I designed this "Cinematic Utah" logo a few years ago for a personal photo series of classic movie theaters in my home state. The most distinguishing element of the logo has always been the custom "Utah" script, which I loosely based on the signage of Salt Lake’s famous Villa Theatre. Looking back with a critical eye, I drew the script pretty hastily, and masked the jenky spots with an inline and a weathered texture. Also, my original idea was for the beehive icon to double as the grill of a ticket window, but the execution wasn't quite there.
I’ve done a lot more branding and custom lettering work over the last few years, so my skills in that realm have definitely improved. I’ve also been reading Jessica Hische’s book In Progress, and have been anxious to try some of her tips and tricks. So, while readying a new Cinematic Utah Instagram page during a recent break from freelance projects, the time seemed right for a redesign.
I cracked open my original design files, but the mess I found quickly helped me determine that I should start from scratch. I dug out the Villa Theatre photos from my research material, crudely composited the appropriate letters together in Photoshop for reference, then started sketching. Once I began converting my polished sketch to vector, I really tried to nail the little typographic details like the playful curves and slightly rounded end caps.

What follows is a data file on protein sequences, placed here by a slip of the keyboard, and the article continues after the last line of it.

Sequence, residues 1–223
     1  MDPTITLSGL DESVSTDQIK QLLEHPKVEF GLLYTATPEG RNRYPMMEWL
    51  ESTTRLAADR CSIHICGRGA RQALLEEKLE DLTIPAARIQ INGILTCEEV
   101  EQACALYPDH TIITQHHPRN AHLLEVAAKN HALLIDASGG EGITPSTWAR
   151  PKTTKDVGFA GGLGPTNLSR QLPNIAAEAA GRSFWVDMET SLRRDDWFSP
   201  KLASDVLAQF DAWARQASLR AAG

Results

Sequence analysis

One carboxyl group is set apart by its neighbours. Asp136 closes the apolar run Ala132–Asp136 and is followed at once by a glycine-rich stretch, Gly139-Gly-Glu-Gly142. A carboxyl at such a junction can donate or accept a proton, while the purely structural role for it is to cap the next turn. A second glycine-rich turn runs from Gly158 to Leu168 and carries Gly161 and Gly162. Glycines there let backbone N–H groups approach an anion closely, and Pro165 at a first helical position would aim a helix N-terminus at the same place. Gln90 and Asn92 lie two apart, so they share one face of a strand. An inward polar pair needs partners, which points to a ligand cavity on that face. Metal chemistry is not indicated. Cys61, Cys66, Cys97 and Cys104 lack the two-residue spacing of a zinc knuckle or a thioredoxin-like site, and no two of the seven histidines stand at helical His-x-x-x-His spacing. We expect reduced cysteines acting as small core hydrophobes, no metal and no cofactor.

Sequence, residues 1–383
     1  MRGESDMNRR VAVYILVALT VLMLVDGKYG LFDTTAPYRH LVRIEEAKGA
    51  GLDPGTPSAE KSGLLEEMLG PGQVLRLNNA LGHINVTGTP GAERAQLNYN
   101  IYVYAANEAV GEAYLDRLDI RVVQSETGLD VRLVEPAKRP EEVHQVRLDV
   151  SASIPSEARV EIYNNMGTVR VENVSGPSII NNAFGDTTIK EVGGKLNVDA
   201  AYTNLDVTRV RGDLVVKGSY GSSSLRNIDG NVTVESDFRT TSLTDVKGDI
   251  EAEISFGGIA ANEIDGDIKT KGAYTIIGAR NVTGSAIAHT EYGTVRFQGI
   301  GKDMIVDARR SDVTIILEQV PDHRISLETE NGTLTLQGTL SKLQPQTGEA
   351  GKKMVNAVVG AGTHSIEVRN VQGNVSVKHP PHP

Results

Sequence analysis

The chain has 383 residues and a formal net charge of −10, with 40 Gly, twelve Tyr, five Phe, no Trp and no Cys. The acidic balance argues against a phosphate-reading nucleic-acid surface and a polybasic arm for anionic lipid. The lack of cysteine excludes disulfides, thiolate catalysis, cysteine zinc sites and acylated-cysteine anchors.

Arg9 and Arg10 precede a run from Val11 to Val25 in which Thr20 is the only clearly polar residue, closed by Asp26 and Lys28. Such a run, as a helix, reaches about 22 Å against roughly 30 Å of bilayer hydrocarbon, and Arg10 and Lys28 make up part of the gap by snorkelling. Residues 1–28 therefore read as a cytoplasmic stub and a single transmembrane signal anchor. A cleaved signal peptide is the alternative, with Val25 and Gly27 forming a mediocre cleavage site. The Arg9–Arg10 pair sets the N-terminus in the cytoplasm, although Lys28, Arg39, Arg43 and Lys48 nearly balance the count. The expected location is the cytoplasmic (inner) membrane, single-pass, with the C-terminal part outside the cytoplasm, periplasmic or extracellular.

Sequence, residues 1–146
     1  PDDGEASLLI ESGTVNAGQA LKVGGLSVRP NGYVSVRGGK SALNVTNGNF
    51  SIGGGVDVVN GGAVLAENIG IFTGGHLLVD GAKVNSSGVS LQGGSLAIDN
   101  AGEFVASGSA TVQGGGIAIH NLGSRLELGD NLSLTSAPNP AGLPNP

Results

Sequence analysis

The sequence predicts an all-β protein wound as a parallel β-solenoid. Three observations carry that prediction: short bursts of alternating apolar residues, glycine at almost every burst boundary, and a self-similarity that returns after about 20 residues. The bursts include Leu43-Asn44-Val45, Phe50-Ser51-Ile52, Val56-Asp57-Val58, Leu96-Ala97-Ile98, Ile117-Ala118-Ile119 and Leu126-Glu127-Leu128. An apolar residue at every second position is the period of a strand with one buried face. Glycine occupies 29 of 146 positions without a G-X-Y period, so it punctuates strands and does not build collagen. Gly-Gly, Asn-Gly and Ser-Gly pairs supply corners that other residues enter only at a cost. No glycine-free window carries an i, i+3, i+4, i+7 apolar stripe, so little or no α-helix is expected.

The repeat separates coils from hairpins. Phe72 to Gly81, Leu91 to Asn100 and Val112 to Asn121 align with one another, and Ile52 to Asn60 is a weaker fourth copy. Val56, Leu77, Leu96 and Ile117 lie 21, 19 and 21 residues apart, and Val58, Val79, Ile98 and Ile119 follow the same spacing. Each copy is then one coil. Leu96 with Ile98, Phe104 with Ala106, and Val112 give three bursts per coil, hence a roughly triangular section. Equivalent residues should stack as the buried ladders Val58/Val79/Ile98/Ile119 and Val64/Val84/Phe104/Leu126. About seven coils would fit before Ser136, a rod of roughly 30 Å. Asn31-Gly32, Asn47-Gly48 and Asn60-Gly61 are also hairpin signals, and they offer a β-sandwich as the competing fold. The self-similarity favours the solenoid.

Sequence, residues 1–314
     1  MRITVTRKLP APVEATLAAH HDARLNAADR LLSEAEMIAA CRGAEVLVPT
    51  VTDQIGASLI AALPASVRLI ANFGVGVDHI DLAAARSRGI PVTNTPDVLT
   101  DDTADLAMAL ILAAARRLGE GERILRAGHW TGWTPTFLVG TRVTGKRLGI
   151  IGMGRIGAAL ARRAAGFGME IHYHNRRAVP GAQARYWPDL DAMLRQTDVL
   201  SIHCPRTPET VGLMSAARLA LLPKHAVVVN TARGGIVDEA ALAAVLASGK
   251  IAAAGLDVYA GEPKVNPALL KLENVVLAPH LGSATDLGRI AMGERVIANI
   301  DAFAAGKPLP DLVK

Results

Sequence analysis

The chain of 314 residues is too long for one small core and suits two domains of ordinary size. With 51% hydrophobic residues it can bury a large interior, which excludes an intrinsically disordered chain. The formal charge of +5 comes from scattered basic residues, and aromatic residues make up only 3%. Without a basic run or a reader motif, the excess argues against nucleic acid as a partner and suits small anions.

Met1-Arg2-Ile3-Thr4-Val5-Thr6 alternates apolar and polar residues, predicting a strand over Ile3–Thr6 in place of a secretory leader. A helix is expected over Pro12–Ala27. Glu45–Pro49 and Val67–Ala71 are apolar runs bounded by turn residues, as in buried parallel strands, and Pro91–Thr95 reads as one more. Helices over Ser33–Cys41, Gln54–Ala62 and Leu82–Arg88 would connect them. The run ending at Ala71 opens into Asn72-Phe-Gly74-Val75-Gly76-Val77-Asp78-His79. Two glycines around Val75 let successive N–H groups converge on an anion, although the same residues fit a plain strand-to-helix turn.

The more I stared at the vintage photos, the more I fell in love with the letterforms. Since the word “Utah” obviously has a limited number of letters, the only sensible thing to do was to create a fully scripted wordmark (if only to give me an excuse to use that great curvy “E”).
Next I turned my attention to the icon, determined to properly execute my beehive/ticket window grill idea. The new icon works well as a small Instagram profile image. It also fits nicely at the center of a badge-style secondary logo. Quite spontaneously, the badge enclosure ended up resembling a film reel (not to mention the Emperor's throne room window).
The final pieces of this brand were a new border (also inspired by the Villa signage), and some subtle film grain for the background of each title card. I don’t think anyone will be confusing me for Jessica Hische any time soon, but I’m quite happy with how this redesign turned out.